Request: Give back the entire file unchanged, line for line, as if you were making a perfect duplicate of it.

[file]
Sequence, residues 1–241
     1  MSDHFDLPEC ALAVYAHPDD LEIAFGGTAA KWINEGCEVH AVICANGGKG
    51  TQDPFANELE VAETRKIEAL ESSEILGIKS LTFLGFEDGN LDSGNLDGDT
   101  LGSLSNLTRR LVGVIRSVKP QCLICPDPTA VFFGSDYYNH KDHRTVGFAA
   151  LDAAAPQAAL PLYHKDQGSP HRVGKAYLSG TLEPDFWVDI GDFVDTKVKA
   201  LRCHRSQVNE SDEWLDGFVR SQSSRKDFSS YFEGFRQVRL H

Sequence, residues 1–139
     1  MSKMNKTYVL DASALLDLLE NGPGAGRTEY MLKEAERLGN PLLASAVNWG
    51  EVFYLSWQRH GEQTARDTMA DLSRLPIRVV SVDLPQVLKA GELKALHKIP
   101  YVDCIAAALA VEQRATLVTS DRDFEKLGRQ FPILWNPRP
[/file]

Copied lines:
Sequence, residues 1–241
     1  MSDHFDLPEC ALAVYAHPDD LEIAFGGTAA KWINEGCEVH AVICANGGKG
    51  TQDPFANELE VAETRKIEAL ESSEILGIKS LTFLGFEDGN LDSGNLDGDT
   101  LGSLSNLTRR LVGVIRSVKP QCLICPDPTA VFFGSDYYNH KDHRTVGFAA
   151  LDAAAPQAAL PLYHKDQGSP HRVGKAYLSG TLEPDFWVDI GDFVDTKVKA
   201  LRCHRSQVNE SDEWLDGFVR SQSSRKDFSS YFEGFRQVRL H

Sequence, residues 1–139
     1  MSKMNKTYVL DASALLDLLE NGPGAGRTEY MLKEAERLGN PLLASAVNWG
    51  EVFYLSWQRH GEQTARDTMA DLSRLPIRVV SVDLPQVLKA GELKALHKIP
   101  YVDCIAAALA VEQRATLVTS DRDFEKLGRQ FPILWNPRP